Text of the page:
You are pregnant and delighted. You’ve waited a long time for this. And then your friend shows you her tummy and the result of her pregnancy: Stretch marks! Huge, red, jagged, scary looking stretch marks.
It takes your breath away. Is this your destiny? Is that what your belly is going to look like when it’s all said and done?
Maybe; maybe not. Some women never get a stretch mark even though they have had multiple pregnancies while others are doomed from the start: One pregnancy and their belly looks like the road map from hell.
A stretch mark (‘striae’) appears when skin is stretched too far and too hurriedly and stays in the expanded position for a long period of time, as occurs during pregnancy. The marks are either red, pink or purple and can be deep and grooved.
Whether or not you will be a victim of stretch marks depends in large part on the luck of the draw. In other words, your genetics. Did your mother get them when she was pregnant? If so, you probably will, too.
K.C. (the mother of two): Are the rest of the un-luck of the draws choosing not to claim this badge? I used cocoa butter but was not spared in the least.
G.R. (the mother of four): No stretch marks; never did anything to prevent them. Yes, I think it’s the luck of the draw!
When you think about it, it is pretty amazing skin manages to stretch as far as it does without tearing while accommodating a rapidly growing baby. It is even more remarkable when it achieves this without any permanent signs of wear and tear. Take a gander at model Heidi Klum’s washboard abs and she’s had four pregnancies. But then again, most of us are not genetic goddesses like Klum.
J.W. (the mother of four): Lots and lots, all over, and they are still hanging around.
Elastin and Collagen
All humans have elastin in their skin, which makes skin supple, lithe and capable of extending and then returning to normal after a pregnancy. However, some skin stretches better and easier than others. When skin is stretched to the extreme, as it is during pregnancy, elastin can’t always keep up and, voila, striae appear. (So much for wearing that bikini next summer.)
L.B. (the mother of eight): I didn’t use anything but the marks were very minimal. Some of my friends, on the other hand, were not so lucky. I do feel using something to help prevent them is a good thing. Some people just have more stretchable skin.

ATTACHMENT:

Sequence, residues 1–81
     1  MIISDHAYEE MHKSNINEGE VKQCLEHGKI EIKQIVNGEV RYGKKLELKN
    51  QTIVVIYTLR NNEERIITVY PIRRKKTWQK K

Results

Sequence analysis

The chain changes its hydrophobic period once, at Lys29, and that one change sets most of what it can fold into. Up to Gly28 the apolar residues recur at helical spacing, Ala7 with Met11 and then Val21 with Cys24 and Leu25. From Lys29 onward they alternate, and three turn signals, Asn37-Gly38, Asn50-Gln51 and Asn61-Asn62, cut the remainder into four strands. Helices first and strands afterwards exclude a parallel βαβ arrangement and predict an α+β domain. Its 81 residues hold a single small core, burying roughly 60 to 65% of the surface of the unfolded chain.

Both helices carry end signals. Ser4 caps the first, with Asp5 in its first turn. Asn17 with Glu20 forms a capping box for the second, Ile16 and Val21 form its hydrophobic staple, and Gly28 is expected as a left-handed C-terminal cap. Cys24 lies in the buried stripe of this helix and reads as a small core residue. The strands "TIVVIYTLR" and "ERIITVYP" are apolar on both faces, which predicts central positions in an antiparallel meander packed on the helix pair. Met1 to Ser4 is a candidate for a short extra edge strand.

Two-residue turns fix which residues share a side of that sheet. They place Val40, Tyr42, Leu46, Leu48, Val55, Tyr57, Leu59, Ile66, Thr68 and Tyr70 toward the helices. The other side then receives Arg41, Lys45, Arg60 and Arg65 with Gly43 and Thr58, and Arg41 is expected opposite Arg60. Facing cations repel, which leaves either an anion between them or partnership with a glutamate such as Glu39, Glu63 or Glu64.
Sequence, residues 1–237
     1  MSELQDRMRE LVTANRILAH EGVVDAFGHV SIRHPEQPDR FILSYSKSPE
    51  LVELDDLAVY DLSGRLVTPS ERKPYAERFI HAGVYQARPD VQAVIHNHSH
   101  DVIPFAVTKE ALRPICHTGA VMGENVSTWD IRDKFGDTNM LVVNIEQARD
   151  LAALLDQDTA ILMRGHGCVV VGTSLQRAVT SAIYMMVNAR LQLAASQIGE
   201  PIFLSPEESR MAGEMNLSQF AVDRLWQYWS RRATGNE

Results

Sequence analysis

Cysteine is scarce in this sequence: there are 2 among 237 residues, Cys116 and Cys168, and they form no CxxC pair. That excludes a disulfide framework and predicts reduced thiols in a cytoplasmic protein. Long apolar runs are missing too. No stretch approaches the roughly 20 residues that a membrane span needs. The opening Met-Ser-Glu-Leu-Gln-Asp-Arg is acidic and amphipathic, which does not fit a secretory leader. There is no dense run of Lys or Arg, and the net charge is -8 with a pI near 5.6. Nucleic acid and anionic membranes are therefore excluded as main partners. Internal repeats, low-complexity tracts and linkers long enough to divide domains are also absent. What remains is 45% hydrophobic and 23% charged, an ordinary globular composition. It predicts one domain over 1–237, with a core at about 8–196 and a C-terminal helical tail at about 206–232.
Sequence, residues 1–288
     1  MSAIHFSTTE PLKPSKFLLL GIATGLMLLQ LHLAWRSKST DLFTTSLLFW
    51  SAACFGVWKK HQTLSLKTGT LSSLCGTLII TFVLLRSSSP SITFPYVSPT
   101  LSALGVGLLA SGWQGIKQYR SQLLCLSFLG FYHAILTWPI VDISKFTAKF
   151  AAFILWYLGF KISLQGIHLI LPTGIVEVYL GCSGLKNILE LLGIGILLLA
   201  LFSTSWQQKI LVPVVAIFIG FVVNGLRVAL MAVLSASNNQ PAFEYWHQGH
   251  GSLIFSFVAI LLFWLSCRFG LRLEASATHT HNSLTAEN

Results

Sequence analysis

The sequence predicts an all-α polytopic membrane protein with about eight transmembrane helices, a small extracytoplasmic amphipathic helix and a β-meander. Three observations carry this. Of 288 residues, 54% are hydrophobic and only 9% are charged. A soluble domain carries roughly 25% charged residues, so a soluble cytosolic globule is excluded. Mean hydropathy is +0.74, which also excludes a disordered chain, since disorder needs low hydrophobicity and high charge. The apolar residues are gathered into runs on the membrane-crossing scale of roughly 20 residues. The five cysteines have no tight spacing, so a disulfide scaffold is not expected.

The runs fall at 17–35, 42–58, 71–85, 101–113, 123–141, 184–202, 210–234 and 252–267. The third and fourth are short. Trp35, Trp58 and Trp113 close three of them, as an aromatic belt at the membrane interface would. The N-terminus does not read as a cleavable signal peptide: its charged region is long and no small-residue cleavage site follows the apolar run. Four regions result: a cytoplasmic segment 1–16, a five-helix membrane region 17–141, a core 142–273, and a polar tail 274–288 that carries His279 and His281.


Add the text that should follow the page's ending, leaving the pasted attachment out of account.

The stronger the collagen and elastin fibers in your skin the less apt they are to break, resulting in stretch marks.
Elastin is a protein in body tissue and skin. It allows skin to stay tight but flexible and provides the bound-back response when skin is pulled, as it is during pregnancy. Collagen is the primary component of connective tissue, allowing skin to maintain suppleness, firmness, pliability and the ability to stimulate new cells.
H.S. (the mother of two): I have stretch marks on my belly from hip to hip and I used some expensive lotion that was supposed to work well. I’ve asked my doctor about them and she said they are hereditary. I’m proud of my tiger stripes! It’s a daily reminder how lucky I am to have my children.
So how do you maintain collagen and elastin? Eat foods containing vitamins C and E and silica, all of which are necessary in the formation of collagen. Vitamin C is an antioxidant, which safeguards tissue from damage, according to Americanpregnancy.org. B3, which is niacin, and B2, which is riboflavin, also encourage and preserve healthy skin.
Keep yourself (and your skin) hydrated by drinking lots of water, which reinforces and renews skin.
Some mothers-to-be swear by cocoa butter, which they apply regularly and liberally to their bellies, breasts, hips and thighs during pregnancy. Keeping your skin lubricated empowers it to stretch easier and rebound quicker.
B.L.: After five children, almost no stretch marks. I used cocoa butter and vitamin E.
Ask your Ob-Gyn what she recommends. She may suggest a cream containing vitamin E, panthenol, menthol, gotu kola and hyaluronic acid or one including shea butter or a product consisting of aloe vera, grape seed oil and vitamin B.
M.W. (the mother of two): I didn’t get stretch marks. I used a product called Mother’s Friend.
Exercising does help because it enhances blood circulation. When circulation is optimal skin stays elastic and stretches easier. Exercising also wards against swollen ankles and varicose veins during pregnancy.
Try not to gain an excessive amount of weight. We know, you’re pregnant, you’re supposed to grow but when you gain too much, too fast, it is going to take a toll on your skin.
You delivered your baby and all is well but you did end up with stretch marks. Can you get rid of them? Exfoliating skin will minimize the marks but not get rid of them entirely.
Some opt for micro-dermabrasion. This technique delivers coarse particles into the skin to remove the top layers. When new skin appears, stretch marks may not be as obvious.
Another option is laser resurfacing, where pulsating dye makes its way into the top layer of skin via a laser. This results in brand-new tissue growth.
A chemical peel is another alternative. Acid is used to remove the topmost layers of skin.
Retin-A cream (vitamin A and tretinoin) is effective on new stretch marks but do not use Retin-A products while pregnant or breastfeeding. Vitamin A hastens cell division which quickens skin renewal and safeguards against collagen break-down. However, elevated doses of vitamin A during pregnancy can be dangerous to the fetus, particularly oral retinoids, such as Accutane, which is used to treat acne. Err on the side of caution and avoid retinoids until you are finished breastfeeding.
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